Asbestos Fiber Collection by NIOSH-Approved Respirators.
Evans-JS; Brosseau-LM; Ellenbecker-MJ
Department of Environmental Science and Physiology, Harvard School of Public Health, Boston, Massachusetts 1989 Feb:5 pages
The first phase of this project involved assessing the size specific collection efficiencies of ten manufacturer's dust/mist respirator filters using monodisperse latex spheres. The second phase involved the evaluation of the overall collection efficiencies of three manufacturer's respirators using silica (14808607) and asbestos (1332214) aerosols under steady and cyclic flow conditions. The final phase involved an examination of the relationship between these empirical results and the predictions of both physically based and semi empirical models. Using latex spheres a high degree of efficiency, typically greater than 99.5 percent, was demonstrated by the dust/mist respirator filters for collecting particles with aerodynamic diameters greater than 1 micrometer. A minimum collection efficiency was noted of about 90 percent for particles with aerodynamic diameters of 0.1 micrometers. When the dust/mist respirators were challenged with a silica test aerosol, the overall mass collection efficiencies centered on 99.5 percent at steady flow conditions. Under cyclic flow conditions the silica penetration was about 50 percent greater than under steady flow. In tests with amosite (12172735) asbestos, an overall efficiency of 99.9 to 99.99 percent was achieved at steady flow. Under cyclic flow conditions, the corresponding figure ranged from 98 to 99.5 percent. The authors recommended that NIOSH test its respirators as much as possible under conditions similar to those in actual use at the job site.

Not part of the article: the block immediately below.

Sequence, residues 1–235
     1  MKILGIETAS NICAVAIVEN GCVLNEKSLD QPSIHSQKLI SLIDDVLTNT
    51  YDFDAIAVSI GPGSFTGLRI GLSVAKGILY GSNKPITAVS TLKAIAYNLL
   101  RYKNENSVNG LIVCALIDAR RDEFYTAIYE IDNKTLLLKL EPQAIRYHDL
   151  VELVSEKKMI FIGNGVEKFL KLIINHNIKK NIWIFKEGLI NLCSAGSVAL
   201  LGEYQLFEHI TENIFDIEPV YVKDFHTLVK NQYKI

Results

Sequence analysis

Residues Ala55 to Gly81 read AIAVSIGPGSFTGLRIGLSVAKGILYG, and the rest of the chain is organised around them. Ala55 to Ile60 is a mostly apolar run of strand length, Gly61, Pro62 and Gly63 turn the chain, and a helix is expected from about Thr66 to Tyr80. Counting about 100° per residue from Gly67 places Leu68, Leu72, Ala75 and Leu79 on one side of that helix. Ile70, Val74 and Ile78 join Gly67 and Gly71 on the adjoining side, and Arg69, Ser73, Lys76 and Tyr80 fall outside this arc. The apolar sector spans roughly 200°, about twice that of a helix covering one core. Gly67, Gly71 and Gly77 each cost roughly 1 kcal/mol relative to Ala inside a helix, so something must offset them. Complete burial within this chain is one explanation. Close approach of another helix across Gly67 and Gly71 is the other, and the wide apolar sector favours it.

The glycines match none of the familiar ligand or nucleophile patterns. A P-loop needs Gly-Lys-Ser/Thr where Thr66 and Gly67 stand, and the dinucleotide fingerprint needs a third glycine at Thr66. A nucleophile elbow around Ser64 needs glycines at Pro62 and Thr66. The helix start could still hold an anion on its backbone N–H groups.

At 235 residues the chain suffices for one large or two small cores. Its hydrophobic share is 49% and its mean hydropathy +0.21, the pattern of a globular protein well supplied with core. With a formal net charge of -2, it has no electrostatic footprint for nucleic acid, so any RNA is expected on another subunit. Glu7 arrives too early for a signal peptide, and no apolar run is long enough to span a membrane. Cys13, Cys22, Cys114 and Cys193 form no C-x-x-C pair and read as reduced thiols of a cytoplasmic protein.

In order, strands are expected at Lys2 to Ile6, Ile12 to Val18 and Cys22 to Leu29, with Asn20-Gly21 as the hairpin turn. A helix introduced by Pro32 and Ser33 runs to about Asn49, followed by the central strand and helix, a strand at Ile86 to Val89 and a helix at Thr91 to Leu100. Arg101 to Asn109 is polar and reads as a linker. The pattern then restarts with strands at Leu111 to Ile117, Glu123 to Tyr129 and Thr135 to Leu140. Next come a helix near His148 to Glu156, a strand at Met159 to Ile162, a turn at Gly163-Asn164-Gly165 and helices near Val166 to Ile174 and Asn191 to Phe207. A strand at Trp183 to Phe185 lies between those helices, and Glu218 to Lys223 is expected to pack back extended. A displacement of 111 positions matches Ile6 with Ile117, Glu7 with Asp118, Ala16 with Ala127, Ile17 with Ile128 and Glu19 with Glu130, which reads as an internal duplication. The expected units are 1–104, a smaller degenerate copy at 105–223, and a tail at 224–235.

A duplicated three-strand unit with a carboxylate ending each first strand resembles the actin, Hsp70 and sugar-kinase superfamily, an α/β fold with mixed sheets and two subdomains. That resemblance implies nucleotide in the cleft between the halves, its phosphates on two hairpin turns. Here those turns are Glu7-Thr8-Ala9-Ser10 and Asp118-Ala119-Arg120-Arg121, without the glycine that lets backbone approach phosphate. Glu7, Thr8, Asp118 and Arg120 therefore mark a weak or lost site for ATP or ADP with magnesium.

NIOSH-Grant; Respirators; Personal-protective-equipment; Aerosol-particles; Asbestos-fibers; Mineral-dusts; Silica-dusts;
Environmental Sci & Physiology Harvard School of Public Hlth 665 Huntington Avenue Boston, MA 02115
14808-60-7; 1332-21-4; 12172-73-5;
Final Grant Report;
NTIS Accession No.
Respirator Research; Respirators; Control Technology and Personal Protective Equipment; Research Tools and Approaches;
Department of Environmental Science and Physiology, Harvard School of Public Health, Boston, Massachusetts
Harvard University, Boston, Massachusetts